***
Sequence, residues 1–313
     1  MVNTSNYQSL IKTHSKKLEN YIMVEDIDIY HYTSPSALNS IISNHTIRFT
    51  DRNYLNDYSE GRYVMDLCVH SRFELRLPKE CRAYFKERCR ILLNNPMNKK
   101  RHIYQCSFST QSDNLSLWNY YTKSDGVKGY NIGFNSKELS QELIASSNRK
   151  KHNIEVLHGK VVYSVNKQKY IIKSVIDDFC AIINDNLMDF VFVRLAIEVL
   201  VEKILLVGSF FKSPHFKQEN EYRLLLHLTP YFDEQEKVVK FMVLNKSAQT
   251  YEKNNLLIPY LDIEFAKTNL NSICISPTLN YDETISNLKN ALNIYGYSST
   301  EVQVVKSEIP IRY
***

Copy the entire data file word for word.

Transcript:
Sequence, residues 1–313
     1  MVNTSNYQSL IKTHSKKLEN YIMVEDIDIY HYTSPSALNS IISNHTIRFT
    51  DRNYLNDYSE GRYVMDLCVH SRFELRLPKE CRAYFKERCR ILLNNPMNKK
   101  RHIYQCSFST QSDNLSLWNY YTKSDGVKGY NIGFNSKELS QELIASSNRK
   151  KHNIEVLHGK VVYSVNKQKY IIKSVIDDFC AIINDNLMDF VFVRLAIEVL
   201  VEKILLVGSF FKSPHFKQEN EYRLLLHLTP YFDEQEKVVK FMVLNKSAQT
   251  YEKNNLLIPY LDIEFAKTNL NSICISPTLN YDETISNLKN ALNIYGYSST
   301  EVQVVKSEIP IRY